MICHIPICHY (Quarante Sols), Huron chief; fl. 1695–1706 (or possibly 1748) in the Detroit region.
Nothing is known of Michipichy’s origins. By the end of the 17th century his band of Hurons lived among the Miamis in what is now Indiana and lower Michigan, but frequently travelled to the Saginaw valley and to Michilimackinac. In 1695 Michipichy was a prisoner of the Iroquois, having been captured during one of the frequent Huron-Iroquois clashes. His personal bravery was proved during this captivity when, at considerable risk to himself, he warned his fellow tribesmen to be wary of Iroquois requests for a favourable peace settlement.
The French for the most part were suspicious of this determined Huron chief, probably because he had already undertaken a policy of playing the French, the British, the Miamis, the Ottawas, and the Iroquois against one another. Frontenac [Buade*] told the Miamis in 1697 that Michipichy and another Huron chief, Le Baron, had prodded the Iroquois “to go and devour the Miami, and then to promenade in your prairies.” When in 1701 Cadillac [Laumet*] undertook the establishment of Detroit as the major western outpost of New France, he persuaded Michipichy and his people to settle nearby. Cadillac then hired the chief to convince the Miamis and other Hurons, including those at Michilimackinac, to move to Detroit also. Michipichy’s effectiveness in the negotiations was diminished because he could not get along with Étienne de Carheil*, the Jesuit missionary at Michilimackinac. Moreover, Michipichy began negotiating on his own with the English through the Iroquois in an attempt to attract both English and French traders and thus force prices down.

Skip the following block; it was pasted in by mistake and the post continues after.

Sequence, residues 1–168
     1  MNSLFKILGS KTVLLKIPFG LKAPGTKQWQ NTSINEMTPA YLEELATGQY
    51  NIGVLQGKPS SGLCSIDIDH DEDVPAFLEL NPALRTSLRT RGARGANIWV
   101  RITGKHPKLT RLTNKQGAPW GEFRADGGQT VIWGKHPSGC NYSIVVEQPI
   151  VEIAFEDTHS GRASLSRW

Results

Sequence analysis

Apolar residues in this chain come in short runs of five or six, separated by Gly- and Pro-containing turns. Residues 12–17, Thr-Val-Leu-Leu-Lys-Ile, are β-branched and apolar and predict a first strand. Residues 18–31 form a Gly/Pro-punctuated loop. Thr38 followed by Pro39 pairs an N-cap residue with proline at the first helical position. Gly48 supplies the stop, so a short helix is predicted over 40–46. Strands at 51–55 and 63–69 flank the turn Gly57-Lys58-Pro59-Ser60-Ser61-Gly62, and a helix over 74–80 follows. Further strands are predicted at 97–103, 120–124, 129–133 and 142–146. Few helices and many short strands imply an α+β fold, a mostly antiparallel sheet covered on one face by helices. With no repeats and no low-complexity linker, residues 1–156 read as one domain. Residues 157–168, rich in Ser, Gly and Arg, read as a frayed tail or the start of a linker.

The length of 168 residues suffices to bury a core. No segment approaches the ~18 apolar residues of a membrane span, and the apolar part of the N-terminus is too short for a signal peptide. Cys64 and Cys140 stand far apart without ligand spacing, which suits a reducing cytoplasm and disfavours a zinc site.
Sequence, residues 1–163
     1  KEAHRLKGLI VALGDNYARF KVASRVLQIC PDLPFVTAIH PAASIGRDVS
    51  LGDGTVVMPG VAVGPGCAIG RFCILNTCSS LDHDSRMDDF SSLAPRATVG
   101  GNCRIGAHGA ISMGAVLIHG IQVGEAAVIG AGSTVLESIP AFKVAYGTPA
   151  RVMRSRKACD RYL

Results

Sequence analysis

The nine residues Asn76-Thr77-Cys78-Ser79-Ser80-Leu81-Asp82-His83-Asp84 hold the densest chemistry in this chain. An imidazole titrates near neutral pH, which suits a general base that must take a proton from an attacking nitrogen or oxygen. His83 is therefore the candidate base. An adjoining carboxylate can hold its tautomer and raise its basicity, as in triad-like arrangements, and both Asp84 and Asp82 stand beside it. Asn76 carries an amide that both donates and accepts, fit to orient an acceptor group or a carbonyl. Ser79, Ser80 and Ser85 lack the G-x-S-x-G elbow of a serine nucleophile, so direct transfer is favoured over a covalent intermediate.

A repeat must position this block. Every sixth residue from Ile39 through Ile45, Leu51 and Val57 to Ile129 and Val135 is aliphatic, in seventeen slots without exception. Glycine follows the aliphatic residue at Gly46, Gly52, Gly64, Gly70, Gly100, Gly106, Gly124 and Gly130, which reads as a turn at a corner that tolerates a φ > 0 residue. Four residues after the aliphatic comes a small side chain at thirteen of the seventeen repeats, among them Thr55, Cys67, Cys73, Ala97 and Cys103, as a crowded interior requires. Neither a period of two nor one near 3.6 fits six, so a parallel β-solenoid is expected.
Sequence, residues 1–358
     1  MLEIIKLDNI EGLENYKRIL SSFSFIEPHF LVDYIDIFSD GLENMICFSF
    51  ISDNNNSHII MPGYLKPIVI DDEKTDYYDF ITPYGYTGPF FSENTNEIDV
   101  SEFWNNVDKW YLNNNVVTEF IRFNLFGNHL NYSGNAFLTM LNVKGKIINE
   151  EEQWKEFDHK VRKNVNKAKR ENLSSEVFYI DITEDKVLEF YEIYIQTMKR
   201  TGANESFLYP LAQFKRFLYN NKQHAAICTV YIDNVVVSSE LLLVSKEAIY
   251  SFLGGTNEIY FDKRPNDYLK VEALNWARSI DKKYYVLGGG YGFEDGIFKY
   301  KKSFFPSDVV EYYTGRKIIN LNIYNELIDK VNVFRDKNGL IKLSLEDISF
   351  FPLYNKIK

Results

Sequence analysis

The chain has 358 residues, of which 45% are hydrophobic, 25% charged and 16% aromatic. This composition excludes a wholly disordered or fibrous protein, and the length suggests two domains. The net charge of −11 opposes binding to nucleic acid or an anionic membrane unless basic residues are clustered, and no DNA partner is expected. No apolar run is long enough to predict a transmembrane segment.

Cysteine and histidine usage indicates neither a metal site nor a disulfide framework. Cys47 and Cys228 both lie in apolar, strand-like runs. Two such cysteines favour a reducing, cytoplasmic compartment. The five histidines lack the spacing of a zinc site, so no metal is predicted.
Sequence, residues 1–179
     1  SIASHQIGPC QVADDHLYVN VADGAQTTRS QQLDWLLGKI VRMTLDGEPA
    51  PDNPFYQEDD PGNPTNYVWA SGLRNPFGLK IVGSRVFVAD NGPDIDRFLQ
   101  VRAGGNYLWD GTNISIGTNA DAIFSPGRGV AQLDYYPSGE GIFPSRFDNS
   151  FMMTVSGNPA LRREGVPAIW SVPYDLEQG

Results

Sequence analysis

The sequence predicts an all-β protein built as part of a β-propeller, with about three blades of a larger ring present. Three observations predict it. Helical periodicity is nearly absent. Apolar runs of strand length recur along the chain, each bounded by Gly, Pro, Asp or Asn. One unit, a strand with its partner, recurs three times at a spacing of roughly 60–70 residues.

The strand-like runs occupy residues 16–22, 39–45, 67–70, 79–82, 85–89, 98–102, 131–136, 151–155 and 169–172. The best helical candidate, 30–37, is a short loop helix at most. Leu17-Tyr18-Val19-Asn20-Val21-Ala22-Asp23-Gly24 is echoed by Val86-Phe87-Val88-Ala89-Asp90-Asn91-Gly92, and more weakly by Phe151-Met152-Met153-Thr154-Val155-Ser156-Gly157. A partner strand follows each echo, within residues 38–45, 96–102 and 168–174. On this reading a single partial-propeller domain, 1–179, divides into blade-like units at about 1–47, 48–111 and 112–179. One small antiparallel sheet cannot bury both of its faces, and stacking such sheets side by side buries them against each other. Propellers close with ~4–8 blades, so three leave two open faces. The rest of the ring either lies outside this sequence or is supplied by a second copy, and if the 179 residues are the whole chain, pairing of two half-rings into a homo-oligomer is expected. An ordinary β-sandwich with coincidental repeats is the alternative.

Michipichy was only partly successful in reaching his objective. Many Indians moved to Detroit, but by 1703 it was apparent that Cadillac did not intend to make the attractive trade arrangements that he had promised in 1701. Relations between the two men then quickly deteriorated. Cadillac began to speak of the chief’s treachery, made vague references to “a drunken savage,” and callously suggested that the authorities might “hang him if they like. . . . Although the quarrel was eventually smoothed over, Michipichy seems not to have trusted Cadillac afterwards.
In 1706 the Huron chief was accused of complicity in the Ottawa-Miami troubles at Detroit, but the facts are not clear. Miscouaky*, an Ottawa chief, claimed that Michipichy called on the Miamis to fall upon the Ottawa villages while the Ottawa warriors were off fighting the Sioux. According to another report, Michipichy had told the Miamis that the Ottawa war party was in fact directed against them. Cadillac made a halfhearted defence of his former emissary, but Michipichy thereafter disappears from the record. His dozen years of work to improve the position of the Hurons had accomplished little.
There was at least one other Huron in the region who was called Quarante Sols by the French. He lived with the Hurons at Michilimackinac, and even the French officials had difficulty distinguishing between the two. In January 1748 a chief named Quarante Sols appeared at Detroit with a band of Hurons from Sandoské (Sandusky). This could have been Michipichy reappearing after 40 years, but it is impossible now to be certain.
Charlevoix, History (Shea), V. “Correspondance de Vaudreuil,” APQ Rapport, 1938–39, 46. Découvertes et établissements des Français (Margry), English ms translation, V. French regime in Wis., 1634–1727 (Thwaites), 206, 211–13, 217–18, 220–21, 223–25, 238–39. JR (Thwaites), LXV, 189–253. “Cadillac papers,” Michigan Pioneer Coll., XXXIII (1903), 106, 114–15, 118–19, 126–27, 159–60, 198–270, 288–94, 296–97, 319–24, 424–52. NYCD (O’Callaghan and Fernow), IX, 594–606, 664–77, 743–44, 752–53; X, 137–79. Jean Delanglez, “Cadillac, proprietor of Detroit,” Mid-America (Chicago), XXXII (1950; new ser., XXI), 155–88, 226–58.